But it is “highly unlikely” that Pence would pursue that path at this point, the source said, given that the effort is expected to be unsuccessful. Pence himself has not discussed invoking the 25th Amendment with any Cabinet officials, an administration official told CNN.
However, two Cabinet secretaries have called fellow members of the Cabinet to take their “temperatures” about demanding a Cabinet meeting with President Donald Trump to confront him about his behavior, three senior administration officials told CNN.
The two Cabinet secretaries discussed the possibility of demanding the President deliver a public address committing to a peaceful transfer of power, which Trump did Thursday evening in a pre-recorded video.
Hanging over the meeting would be the possibility that a majority of the Cabinet could invoke the 25th Amendment and strip Trump of his power as president.
Chiefs of staff of federal departments have also been calling each other to discuss the possibility.
Some of the secretaries are hesitant to agree to a meeting because of the risk an attempt to invoke the 25th Amendment would run, or that they would draw Trump’s ire.
Some officials were also concerned about the optics of holding a Cabinet meeting amid national discussions about the 25th Amendment. “Why take the risk?” one senior official said.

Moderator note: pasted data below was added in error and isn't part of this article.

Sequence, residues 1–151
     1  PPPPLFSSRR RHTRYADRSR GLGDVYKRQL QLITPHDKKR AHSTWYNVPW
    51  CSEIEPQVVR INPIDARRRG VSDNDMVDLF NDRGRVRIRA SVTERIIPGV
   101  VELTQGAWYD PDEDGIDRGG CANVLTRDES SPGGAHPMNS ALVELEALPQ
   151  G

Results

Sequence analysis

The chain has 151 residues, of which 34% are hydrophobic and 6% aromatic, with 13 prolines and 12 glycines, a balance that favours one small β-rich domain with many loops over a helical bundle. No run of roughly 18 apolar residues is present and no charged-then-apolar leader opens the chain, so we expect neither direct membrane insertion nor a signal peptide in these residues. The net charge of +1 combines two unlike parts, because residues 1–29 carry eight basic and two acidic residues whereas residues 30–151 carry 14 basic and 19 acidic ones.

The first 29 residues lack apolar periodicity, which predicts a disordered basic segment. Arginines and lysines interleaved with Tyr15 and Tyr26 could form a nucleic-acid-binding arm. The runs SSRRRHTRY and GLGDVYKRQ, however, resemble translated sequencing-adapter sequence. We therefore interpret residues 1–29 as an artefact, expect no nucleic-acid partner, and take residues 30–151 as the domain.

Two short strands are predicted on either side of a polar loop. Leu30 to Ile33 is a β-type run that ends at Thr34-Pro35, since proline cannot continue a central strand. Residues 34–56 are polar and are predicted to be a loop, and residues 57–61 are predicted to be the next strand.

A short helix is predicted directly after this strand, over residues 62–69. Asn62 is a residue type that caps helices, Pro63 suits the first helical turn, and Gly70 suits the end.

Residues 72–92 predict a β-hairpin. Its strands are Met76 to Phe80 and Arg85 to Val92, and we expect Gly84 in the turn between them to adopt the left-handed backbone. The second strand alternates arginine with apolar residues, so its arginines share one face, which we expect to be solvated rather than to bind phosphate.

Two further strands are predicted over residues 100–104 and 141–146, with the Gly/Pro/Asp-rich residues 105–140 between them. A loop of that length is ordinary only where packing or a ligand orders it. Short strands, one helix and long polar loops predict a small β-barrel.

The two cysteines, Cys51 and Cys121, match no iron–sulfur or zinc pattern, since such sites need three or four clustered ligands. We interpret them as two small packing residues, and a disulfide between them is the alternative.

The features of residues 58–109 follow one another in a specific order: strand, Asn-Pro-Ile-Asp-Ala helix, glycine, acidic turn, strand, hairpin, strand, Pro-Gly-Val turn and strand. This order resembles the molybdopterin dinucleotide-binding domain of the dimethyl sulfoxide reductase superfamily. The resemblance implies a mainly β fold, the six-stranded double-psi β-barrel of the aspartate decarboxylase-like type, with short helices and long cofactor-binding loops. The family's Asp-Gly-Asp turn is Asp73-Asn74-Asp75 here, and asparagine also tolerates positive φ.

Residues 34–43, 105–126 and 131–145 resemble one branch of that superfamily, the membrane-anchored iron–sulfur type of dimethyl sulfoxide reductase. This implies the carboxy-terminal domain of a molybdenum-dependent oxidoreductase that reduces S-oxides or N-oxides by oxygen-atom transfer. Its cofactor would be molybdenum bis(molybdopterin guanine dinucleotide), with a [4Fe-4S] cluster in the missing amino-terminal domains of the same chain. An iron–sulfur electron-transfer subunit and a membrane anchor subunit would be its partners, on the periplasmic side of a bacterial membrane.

On Thursday night, Trump acknowledged in his pre-recorded video that he would not serve a second term. It’s not known yet if that was enough to assuage Cabinet members’ concerns and to have taken the discussions off the table.
A White House adviser in discussions with senior officials said Trump only recorded the video because his presidency is currently threatened by looming resignations and potential impeachment.
“I think that video was done only because almost all his senior staff was about to resign, and impeachment is imminent,” the adviser said.
“That message and tone should have been relayed election night … not after people died,” the adviser added.